A beginner’s guide to dementia

Dementia is probably the most difficult problem families face when caring for an older relative

Most dementia cases are caused by Alzheimer’s disease, but there are other causes, including:

Many patients have a mixture of Alzheimer’s and vascular pathology

What are the signs of dementia?

The first thing you might notice is memory lapse

  • An inability to name objects or people and perhaps the beginning of more difficulty with everyday tasks like cooking and planning
  • There may be incidents like losing the car in the car park, or failing to get off the bus at the right stop


Watch this video explaining dementia



What should you do if you think your ageing parent has memory lapses?

  • It is important to find out what is wrong and to get the right diagnosis
  • Memory problems are sometimes associated with depression, which is easily treated, or they may be worsened, or even caused by physical problems
  • It is important to have a set of blood tests, including thyroid function tests and maybe an ECG to check the heart
  • These tests can be done by the person’s GP, but then they will also need a referral to the local old age psychiatry service
  • They may then be seen at home by a specialist or in a Memory Clinic
  • They will probably have some cognitive tests- these have a variety of names, but commonly the Mini Mental State Examination is used and some more detailed tests as well
  • They will be offered a CT scan, or even an MRI scan, if it is felt to be necessary
  • Dementia is still a diagnosis that is made from the clinical history and talking to the patient and the people who know them best, but the tests may give some clarity

What should you do if your older relative is diagnosed with dementia?

  • Dementia is a frightening diagnosis for the patient and for those caring for them, so you will need to learn about the illness and about the help that is available
  • The Alzheimer’s Society www.alzheimerssociety.org.uk can be very helpful, but the old age psychiatry service your ageing parent will see will also be able to give you information and point you in the right direction

Caring for someone with dementia is often very stressful

Living with and/or caring for someone with dementia can be very stressful

You can ask for a carer’s assessment for yourself to make sure your needs are properly considered too

You may find it very trying when your elderly relative is very repetitive, or is always asking the same questions

They may have odd ideas, especially if they have lost something and feel that it has been stolen or deliberately moved

There is not much to be gained by arguing with people in this state and it is sometimes easier for both of you to accept some of what they say and only correct them when it is really necessary

As the illness progresses, patients need increasing amounts of help, particularly with personal care and they may become very upset and angry with the people trying to help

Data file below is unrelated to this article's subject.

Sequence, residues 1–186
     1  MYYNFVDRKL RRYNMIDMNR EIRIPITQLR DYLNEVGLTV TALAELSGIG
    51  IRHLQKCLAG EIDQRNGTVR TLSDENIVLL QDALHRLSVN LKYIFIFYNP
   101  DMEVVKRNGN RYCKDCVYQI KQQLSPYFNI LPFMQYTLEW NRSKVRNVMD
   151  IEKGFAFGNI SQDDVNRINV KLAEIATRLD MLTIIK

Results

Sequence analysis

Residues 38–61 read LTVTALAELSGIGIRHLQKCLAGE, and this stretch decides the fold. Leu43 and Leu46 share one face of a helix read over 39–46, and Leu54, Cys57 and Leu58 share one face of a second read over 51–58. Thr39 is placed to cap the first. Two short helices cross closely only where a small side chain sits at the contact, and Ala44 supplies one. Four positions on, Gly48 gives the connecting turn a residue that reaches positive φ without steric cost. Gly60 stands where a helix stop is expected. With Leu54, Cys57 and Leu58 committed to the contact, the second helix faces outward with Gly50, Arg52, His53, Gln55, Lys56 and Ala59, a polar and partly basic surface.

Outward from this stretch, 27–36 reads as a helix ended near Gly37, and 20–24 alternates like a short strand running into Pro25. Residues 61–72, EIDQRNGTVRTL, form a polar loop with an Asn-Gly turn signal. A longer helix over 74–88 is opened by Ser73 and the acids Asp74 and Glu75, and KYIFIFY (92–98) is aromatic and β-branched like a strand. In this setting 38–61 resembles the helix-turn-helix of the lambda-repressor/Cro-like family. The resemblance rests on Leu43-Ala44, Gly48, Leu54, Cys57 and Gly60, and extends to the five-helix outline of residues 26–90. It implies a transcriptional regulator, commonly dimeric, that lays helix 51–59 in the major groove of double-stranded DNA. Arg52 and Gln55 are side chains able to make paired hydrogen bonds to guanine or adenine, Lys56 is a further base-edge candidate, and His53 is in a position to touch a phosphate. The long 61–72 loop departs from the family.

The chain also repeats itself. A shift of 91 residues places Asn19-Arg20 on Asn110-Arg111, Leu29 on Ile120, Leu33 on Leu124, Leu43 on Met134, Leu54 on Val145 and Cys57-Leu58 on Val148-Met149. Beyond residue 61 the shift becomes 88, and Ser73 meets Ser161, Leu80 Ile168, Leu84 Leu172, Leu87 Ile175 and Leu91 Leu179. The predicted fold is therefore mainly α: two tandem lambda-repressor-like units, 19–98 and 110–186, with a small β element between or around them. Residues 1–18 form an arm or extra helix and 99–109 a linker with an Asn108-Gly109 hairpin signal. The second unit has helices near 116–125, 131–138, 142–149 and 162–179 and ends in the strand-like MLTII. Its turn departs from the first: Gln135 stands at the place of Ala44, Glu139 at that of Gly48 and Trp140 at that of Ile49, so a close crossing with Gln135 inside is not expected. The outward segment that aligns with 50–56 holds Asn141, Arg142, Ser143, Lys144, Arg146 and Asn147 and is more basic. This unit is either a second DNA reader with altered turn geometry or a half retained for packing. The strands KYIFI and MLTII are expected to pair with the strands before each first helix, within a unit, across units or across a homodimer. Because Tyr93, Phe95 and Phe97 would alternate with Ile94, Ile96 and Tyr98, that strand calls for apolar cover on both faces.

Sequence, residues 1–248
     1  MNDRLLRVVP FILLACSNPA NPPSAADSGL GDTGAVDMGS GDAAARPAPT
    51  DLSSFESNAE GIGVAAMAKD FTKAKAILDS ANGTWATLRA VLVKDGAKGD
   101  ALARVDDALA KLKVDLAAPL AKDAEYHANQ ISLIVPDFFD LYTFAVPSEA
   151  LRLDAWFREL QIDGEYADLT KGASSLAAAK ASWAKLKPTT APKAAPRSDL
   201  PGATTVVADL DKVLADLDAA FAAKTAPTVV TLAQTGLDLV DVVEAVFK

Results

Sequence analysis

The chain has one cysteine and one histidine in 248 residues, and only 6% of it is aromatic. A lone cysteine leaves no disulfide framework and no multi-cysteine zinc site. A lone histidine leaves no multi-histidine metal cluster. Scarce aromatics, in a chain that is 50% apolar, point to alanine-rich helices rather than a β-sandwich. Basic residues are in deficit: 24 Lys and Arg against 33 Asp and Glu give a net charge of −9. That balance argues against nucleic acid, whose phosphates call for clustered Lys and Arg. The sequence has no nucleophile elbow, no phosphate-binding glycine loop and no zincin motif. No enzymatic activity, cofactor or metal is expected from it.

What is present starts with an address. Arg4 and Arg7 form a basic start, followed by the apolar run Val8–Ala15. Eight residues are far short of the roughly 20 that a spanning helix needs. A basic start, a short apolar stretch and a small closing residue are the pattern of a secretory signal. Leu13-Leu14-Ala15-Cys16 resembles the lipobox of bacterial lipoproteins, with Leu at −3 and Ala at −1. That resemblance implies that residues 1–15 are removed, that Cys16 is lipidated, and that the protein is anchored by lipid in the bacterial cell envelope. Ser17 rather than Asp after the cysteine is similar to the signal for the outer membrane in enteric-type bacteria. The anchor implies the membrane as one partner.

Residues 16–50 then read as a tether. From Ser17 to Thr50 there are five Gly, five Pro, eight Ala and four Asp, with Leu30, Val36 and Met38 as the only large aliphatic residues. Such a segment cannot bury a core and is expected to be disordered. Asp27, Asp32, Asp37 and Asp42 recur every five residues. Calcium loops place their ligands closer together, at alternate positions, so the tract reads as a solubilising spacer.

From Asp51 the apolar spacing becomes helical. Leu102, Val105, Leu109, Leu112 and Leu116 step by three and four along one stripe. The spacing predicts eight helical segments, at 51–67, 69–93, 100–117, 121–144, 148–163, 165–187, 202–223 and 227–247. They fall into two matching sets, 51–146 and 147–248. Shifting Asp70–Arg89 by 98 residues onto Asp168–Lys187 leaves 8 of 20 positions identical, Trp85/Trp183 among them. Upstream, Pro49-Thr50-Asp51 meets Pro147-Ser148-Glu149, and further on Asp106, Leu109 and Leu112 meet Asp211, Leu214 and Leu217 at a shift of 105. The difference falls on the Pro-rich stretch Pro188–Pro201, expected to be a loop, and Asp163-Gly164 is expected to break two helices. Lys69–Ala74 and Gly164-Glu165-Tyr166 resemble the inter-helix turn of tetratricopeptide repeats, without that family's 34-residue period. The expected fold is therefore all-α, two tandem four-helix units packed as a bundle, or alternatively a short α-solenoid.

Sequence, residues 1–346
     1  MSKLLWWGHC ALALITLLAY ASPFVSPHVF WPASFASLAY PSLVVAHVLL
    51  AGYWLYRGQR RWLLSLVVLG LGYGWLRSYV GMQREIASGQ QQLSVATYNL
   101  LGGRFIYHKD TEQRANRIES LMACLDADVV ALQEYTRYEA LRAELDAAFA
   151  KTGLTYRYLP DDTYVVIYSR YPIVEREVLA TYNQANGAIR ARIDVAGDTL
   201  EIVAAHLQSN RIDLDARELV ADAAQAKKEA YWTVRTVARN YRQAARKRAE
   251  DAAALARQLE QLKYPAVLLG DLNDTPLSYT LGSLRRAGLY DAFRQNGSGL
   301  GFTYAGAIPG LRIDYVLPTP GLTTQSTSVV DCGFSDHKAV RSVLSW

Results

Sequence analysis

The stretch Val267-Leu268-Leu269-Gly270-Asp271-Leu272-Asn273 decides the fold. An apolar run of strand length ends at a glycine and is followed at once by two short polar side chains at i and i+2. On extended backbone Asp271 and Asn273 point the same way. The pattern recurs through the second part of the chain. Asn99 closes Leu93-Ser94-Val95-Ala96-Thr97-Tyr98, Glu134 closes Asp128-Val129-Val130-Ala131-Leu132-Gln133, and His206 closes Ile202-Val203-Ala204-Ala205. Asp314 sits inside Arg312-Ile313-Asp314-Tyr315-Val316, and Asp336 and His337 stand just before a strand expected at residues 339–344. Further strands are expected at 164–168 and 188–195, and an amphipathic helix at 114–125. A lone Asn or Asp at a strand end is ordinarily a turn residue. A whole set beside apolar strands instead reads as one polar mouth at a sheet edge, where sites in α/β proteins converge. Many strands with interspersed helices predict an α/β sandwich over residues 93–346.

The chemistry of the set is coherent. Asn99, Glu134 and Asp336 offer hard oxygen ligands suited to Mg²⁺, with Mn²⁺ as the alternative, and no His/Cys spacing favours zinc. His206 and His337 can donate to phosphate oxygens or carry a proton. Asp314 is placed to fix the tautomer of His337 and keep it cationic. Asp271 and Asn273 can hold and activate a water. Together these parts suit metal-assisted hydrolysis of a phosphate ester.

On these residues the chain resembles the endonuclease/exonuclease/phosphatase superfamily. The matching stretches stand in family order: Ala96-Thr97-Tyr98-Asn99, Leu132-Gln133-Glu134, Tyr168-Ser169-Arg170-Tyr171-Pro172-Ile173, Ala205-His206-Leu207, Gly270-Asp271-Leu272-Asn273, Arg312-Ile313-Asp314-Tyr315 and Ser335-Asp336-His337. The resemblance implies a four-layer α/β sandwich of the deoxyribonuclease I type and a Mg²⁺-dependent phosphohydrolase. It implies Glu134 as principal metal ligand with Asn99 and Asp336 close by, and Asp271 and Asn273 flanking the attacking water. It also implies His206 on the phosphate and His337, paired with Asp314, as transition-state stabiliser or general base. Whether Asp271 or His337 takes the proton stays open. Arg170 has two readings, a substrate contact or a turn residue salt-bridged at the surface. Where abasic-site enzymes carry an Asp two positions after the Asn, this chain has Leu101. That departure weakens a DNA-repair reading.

It is important always to remember that the person living with dementia is very sensitive to his or her environment and the way in which they are treated, so they should always be offered an explanation of what is happening and be treated with gentleness and consideration

This sometimes can try the patience of a saint and carers almost always need support

Residential care for dementia sufferers

Dementia is the main reason that people have to move into residential, or nursing care

Although this is often very sad, they may find the routine of institutional care reassuring and may benefit from having a larger space to wander around

Carers often feel very guilty as eventually cannot manage and finally have to let their loved one go into care, but sometimes it simply isn’t possible to carry on at home

The children of the person with dementia often live far away and have to try and organise the care from a distance, which is also difficult. These kind of problems can put great pressures on families and can impact on many family relationships

Dementia is increasingly common

Dementia is a very sad illness, which robs the patients of many of the pleasures of life

It is very common and will affect 1 in 5 of us who reach 80 years old

It is less common in people under 80, but some people may start the illness in their 60s, or even earlier

It is very important to get a diagnosis and to find your way through the various caring agencies, including the NHS, social services, the voluntary and private sectors

It can also be very expensive to pay for care, which is only free once the person’s savings are less than £23,000

Early in the illness, people are able to give a Lasting Power of Attorney to ensure someone they trust can look after their money and make decisions about their health and well being when they have lost the capacity to do so

It is important to get this organised and to make sure that they make a will whilst they are able.

In spite of the misery of this illness, there can be moments of joy and even humour for both sufferers and carers

It is often a long and difficult road, but meeting others in the same situation and getting the help you need can make all the difference

Next Steps

Claire Lawton has been a consultant in old age psychiatry for 23 years. 4 years in Tower Hamlets and 19 in Cambridge. She has also worked as an Associate Postgraduate Dean for 7 years and more recently have been involved with the East of England SHA as a Medical Director. Claire was the lead on developing dementia policy in the region and in implementing a number of projects in mental health, long term conditions and dementia. She has now returned to clinical work with a continuing interest in developing services for people with dementia and their carers.

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